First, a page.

Could your future career be intergenerational care?

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  Published on Tuesday, 10 March 2020

Could your future career be intergenerational care?

Library Home  >  Approaches to Early Childhood EducationHealth, Wellbeing & NutritionEarly Childhood ResearchLeadership & Service Management
  Published on Tuesday, 10 March 2020

New career pathways in intergenerational care practice may be the way of the future according to Griffith University researchers, opening an opportunity for early childhood educators to broaden both their experience and skill sets. 

Following on from their ground breaking intergenerational care research, which analysed programs combining aged care and child-care, Professor Anneke Fitzgerald and Dr Katrina Radford from Griffith Business School, said their findings recommended the development of a training qualification for such a career.

Professor Fitzgerald said their research demonstrated the clear benefits to both older and younger people of intergenerational care programs and that development of training and qualifications would work to ensure the sustainability of intergenerational care initiatives. 

“Intergenerational care programs offer an effective, alternative model of care in Australia, so this new career pathway may address shortages in both child-care and aged care.

One way to ensure sustainability is to have a well prepared and skilled workforce, so we are furthering our research into developing intergenerational practitioners – a specific career path that underwrites the intergenerational practice models in Australia,” she said. 

The researchers have published an evidence-based toolkit for those who want to establish a program connecting younger and older people. 

The toolkit includes costing to set up and run an intergenerational program as well as a step-by-step guide on how to plan, deliver and evaluate an intergenerational practice initiative.

“We are also able to share tips on how to conduct the program. We connect three-to-five-year-olds with people over 65 in different modes,’’ Professor Fitzgerald said.

“There is no ‘best’ model, but our evidence showed the program should be 8-10 weeks, 1.5-2 hours per week, with one-on-one interaction between younger person and older person.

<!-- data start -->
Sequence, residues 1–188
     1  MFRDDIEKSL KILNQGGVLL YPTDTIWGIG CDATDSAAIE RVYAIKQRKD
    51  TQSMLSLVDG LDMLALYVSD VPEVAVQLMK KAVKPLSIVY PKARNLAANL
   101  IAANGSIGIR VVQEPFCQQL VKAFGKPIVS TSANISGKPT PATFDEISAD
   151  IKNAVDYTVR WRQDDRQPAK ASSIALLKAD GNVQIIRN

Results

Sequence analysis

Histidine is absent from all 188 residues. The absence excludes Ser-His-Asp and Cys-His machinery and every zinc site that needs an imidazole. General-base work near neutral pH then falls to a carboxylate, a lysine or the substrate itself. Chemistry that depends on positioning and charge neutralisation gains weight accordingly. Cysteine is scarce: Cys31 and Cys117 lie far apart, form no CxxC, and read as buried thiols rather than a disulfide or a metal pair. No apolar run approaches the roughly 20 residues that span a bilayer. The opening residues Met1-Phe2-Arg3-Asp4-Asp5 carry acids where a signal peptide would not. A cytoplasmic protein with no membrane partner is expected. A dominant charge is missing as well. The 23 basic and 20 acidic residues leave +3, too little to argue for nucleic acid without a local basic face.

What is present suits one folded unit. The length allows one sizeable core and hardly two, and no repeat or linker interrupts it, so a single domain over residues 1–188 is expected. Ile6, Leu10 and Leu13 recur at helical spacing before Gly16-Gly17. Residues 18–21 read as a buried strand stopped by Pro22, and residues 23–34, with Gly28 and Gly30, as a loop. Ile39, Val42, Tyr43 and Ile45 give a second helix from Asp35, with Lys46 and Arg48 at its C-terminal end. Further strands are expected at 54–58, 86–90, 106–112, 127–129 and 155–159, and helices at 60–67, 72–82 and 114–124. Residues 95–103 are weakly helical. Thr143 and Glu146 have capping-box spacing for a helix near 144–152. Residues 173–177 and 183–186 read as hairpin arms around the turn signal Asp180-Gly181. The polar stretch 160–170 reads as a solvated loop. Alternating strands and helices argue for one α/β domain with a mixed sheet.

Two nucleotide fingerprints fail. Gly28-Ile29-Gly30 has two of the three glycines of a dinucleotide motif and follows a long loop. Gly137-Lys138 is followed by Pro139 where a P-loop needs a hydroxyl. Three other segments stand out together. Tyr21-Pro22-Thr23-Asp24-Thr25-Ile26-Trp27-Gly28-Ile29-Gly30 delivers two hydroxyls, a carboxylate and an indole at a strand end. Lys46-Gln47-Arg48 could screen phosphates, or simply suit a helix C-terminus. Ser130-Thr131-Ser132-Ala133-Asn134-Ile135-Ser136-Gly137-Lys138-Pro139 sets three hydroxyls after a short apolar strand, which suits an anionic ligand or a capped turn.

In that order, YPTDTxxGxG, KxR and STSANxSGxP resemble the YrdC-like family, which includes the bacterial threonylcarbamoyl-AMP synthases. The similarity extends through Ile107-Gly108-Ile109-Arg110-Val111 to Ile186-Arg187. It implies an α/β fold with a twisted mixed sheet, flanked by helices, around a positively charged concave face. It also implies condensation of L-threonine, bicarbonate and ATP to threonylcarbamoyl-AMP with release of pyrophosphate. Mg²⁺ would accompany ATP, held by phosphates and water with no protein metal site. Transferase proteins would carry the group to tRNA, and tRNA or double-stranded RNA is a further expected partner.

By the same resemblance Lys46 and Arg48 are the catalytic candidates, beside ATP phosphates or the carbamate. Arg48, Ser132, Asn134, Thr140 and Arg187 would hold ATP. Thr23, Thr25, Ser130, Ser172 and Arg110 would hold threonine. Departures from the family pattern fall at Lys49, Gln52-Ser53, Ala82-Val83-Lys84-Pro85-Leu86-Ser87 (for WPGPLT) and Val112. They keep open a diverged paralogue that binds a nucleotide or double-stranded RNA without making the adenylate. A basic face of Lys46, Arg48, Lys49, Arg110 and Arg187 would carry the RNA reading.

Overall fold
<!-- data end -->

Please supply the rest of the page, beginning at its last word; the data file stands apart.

“High intergenerational engagement is achieved when doing one-on-one activities, such as reading. There’s less engagement when doing group activities such as dancing or ball games. But we recommend a mix of high, middle and low level of engagement.

“These activities depend a lot on the mobility of older people. We have noticed that all participants greatly enjoy one another’s company, with a lot of laughter and love shared.”

Dr Radford said they also noticed the benefits of older people and younger people learning in a reciprocal way.

“We already know a lot about how younger people learn through pedagogy. However, we don’t know a lot about how older people learn and there is no real established eldergogy as yet.

“Our intergenerational practice research is ideal to start developing a theory that supports older people (re)learning.”

Dr Radford said it was important to understand brain development and brain function decline and how it is influenced by mixing generations.

“We believe bringing together younger and older people has great benefits for both. For younger people, in addition to tapping into the wisdom of older people, they are less likely to become delinquent during teenage years.

For older people, the benefits of mixing with young children include reduced social isolation, the potential to delay cognitive decline associated with physical decline and overall increases in activity and happiness. 

This child care article was last reviewed or updated on Monday, 09 March 2020